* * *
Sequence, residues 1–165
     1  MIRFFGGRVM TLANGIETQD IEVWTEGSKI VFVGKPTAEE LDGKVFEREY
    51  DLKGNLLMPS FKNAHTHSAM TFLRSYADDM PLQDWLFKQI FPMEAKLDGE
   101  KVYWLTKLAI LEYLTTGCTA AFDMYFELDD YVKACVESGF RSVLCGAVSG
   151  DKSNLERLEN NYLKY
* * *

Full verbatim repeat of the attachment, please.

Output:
Sequence, residues 1–165
     1  MIRFFGGRVM TLANGIETQD IEVWTEGSKI VFVGKPTAEE LDGKVFEREY
    51  DLKGNLLMPS FKNAHTHSAM TFLRSYADDM PLQDWLFKQI FPMEAKLDGE
   101  KVYWLTKLAI LEYLTTGCTA AFDMYFELDD YVKACVESGF RSVLCGAVSG
   151  DKSNLERLEN NYLKY